2 de abril de 2008

Por isso eu só vivo com meu boné gangsta por aqui

"So I put on my hat and jumped into the hansom which Jack had left at the door. En passant, you may have noticed that this is the second time I have recorded the fact that I put on my hat. English novelists are very careful about this precaution. He put on his hat and walked out of the room. He wished her goodbye, and, putting on his hat, he went out as he had come in. There is never a word said about the hero’s top-coat or his gloves, no matter how cold the weather may be, but the putting on of the hat is always carefully chronicled. Now, there is a reason for this. It is a well-established principle of English common law that, whenever a public disturbance or street mêlée or other shindy takes place, the representative of order shall single out a suitable scapegoat from among the crowd. In case of a mutiny in the Austrian army, I am told, it is usual to shoot every tenth man who is chosen by lot. But here in merry England the instructions are to look round for a man without a hat. When found, he is marched off to the police station with the approval of all concerned. It is part of our unwritten law. Some few months since the principle was actually applied in a cause célèbre by the magistrate himself. A journalist summoned no less a personage than the Duke of Cambridge for assault. The facts were not denied, and the witnesses were all agreed, when succor came from an unexpected quarter. It is a fact, as I have seen it stated in the papers, asked the worthy stipendiary, is it a fact, I ask, that the plaintiff was without a hat? There was no gainsaying this. The prosecutor was hatless at the time of the alleged assault. That settled the matter; and the Commander-in-chief of the British Army left the court (metaphorically speaking) without a stain on his character."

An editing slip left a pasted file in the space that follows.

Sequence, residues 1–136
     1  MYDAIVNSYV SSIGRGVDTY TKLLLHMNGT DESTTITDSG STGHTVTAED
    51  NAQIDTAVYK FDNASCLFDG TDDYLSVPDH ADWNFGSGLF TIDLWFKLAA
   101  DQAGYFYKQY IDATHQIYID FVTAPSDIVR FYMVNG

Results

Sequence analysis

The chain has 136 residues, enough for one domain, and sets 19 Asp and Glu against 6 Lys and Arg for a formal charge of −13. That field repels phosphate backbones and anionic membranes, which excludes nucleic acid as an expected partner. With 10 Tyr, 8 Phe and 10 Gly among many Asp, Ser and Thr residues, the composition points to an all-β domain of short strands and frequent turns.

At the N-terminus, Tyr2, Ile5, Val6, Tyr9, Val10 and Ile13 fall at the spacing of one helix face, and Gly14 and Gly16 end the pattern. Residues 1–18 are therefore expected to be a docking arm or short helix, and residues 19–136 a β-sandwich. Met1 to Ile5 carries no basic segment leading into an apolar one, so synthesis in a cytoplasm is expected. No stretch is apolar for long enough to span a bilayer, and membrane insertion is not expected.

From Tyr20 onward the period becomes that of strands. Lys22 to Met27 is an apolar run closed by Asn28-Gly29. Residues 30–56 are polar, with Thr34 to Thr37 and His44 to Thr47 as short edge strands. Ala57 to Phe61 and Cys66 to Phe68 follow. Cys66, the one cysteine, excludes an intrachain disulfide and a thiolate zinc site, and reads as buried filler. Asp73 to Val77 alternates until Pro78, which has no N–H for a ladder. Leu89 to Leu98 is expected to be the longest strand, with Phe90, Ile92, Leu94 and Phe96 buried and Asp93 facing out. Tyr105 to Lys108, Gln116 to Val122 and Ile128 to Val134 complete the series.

Wordsworth Donisthorpe